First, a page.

2

I have a recipe in Automake that optionally builds documentation if the user issues make doc or make htmldoc:

if DOXYGEN_AVAILABLE

docs html htmldoc html-doc:
    $(DOXYGEN) Doxyfile -d DOXYGEN_PROCESSING

fi

DOXYGEN_AVAILABLE is set in configure based on the result of AC_CHECK_PROGS. If the docs are built there will be a directory html-doc. The documentation is optional and html-doc may be missing.

If html-doc is present I won't have a file list. I don't believe this will work in Makefile.am:

if DOXYGEN_AVAILABLE

docs html htmldoc html-doc:
    $(DOXYGEN) Doxyfile -d DOXYGEN_PROCESSING

pkghtmldir_FILES += html-doc/

fi

How do I optionally install documentation to pkghtmldir when using Automake?

2
  • A bit OT. I don't understand the line $(DOXYGEN) Doxyfile -d DOXYGEN_PROCESSING especially the -d ... part. I assume that $(DOXYGEN) is the doxygen` executable, in that case the -d ... part will be ignored. Furthermore the problem here is not a doxygen problem.
    – albert
    Jul 26 '18 at 8:12
  • @albert - I believe -d defines a C macro. For the project some code is in a DOXYGEN_PROCESSING block to help ensure the documentation is pretty.
    – jww
    Jul 26 '18 at 20:05
1

I suggest in the first place that you change your logic a bit. If it's OK to not install the Doxygen docs when Doxygen isn't available to build them, then it should also be OK not to install them even if Doxygen is available. Thus, it makes sense to use an --enable-docs or --with-docs or similar option to configure to let the package builder express whether the docs should be built, with whichever default suits you. You could also consider including pre-built docs with your package, and then selecting whether to enable rebuilding them.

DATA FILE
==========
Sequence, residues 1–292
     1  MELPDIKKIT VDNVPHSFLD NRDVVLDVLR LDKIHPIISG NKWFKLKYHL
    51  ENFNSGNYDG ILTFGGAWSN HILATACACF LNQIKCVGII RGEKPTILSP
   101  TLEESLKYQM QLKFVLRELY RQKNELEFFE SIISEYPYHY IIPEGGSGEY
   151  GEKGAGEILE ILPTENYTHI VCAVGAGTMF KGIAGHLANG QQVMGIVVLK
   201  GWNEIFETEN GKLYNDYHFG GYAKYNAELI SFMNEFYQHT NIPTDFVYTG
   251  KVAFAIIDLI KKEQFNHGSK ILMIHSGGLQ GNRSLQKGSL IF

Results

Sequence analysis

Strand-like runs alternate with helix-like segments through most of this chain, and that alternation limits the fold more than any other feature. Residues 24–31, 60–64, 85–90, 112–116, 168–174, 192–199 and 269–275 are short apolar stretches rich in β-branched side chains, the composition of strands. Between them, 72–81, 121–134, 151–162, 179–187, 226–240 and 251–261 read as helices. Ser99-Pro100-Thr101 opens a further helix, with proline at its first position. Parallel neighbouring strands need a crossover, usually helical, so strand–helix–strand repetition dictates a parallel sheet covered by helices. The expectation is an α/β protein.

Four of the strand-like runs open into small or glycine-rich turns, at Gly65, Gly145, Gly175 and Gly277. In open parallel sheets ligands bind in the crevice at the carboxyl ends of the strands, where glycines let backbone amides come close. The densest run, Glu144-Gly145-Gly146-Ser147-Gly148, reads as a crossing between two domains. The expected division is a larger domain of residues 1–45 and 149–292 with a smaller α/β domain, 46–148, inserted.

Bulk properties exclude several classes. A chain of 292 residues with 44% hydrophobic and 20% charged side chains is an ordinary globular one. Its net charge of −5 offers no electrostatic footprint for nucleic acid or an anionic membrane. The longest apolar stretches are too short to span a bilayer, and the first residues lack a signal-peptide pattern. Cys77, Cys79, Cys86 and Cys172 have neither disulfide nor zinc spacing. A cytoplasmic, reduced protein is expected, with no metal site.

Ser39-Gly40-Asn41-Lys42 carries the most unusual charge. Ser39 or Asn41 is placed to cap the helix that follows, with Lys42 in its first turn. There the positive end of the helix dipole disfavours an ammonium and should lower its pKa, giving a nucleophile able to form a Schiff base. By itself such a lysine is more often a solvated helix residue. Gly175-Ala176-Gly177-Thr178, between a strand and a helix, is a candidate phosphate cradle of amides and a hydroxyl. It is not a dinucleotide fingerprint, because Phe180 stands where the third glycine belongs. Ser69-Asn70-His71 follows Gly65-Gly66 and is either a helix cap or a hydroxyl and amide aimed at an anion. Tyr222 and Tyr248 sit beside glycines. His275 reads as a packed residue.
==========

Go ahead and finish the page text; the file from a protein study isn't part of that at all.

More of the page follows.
You can furthermore, then, altogether omit the check for Doxygen when docs are not requested anyway, and emit a warning or error when they are requested but Doxygen is not available (or is too old). That should be less surprising to package builders. At least, it would be less surprising to me.

Still, it ultimately comes down to Automake conditionals either way. Here's a slightly trimmed version of how I handle pretty much the same task in one of my projects:

$(top_srcdir)/Makefile.am:

# An Automake conditional:
if make_docs

# The name of the target(s) that encompasses actually building the docs
doxygen_html_targets = dox-html

# My Doxyfile is built by the build system, and the docs also depend on some example
# sources, stylesheets, and other files provided by the package.  All these are
# listed here, so that the docs are rebuilt if any of them change:
dox_deps = Doxyfile ...

# How to actually install the docs (a one-line make recipe).  Covers also installing
# pre-built docs that I include in the package for convenience, though this example
# has most of the other plumbing for that removed.
#
# The chmod in the below command must ensure the target files writable
# in order to work around weirdness in the behavior of the "distcheck" target
# when not configured to rebuild docs.
html_install = test -d dox-html && html_dir=dox-html || html_dir=$(srcdir)/dox-html; \
  $(MKDIR_P) $(DESTDIR)$(pkgdocdir); \
  cp -pR $${html_dir} $(DESTDIR)$(pkgdocdir)/html; \
  chmod -R u+w,go+rX $(DESTDIR)$(pkgdocdir)/html

else

doxygen_html_targets =
dox_deps =
html_install = :

endif

# The variable prerequisites of this rule are how the selection is made between
# building the docs and not building them:
html-local: $(doxygen_html_targets)
        :

## This rule should not be necessary, but Automake seems otherwise to ignore the 
## install-html-local rule, perhaps because there are no targets with an HTML
## primary.
install-data-local: install-html-local

# The variable recipe for this rule is how the selection is made between installing
# the docs and not installing them:
install-html-local:
        $(html_install)

maintainer-clean-local:
        $(RM) -rf dox-html

# This rule, when exercised, is what actually builds the docs:
dox-html: $(dox_deps)
        $(RM) -rf dox-html
        $(DOXYGEN) Doxyfile

The key thing to take away here is that it's not only file lists that you can store in make variables and control via Automake conditionals. You can also store the names of arbitrary targets, to be used in prerequisite lists, and you can even store the text of rule recipes, so as to vary behavior of the rules that are selected.

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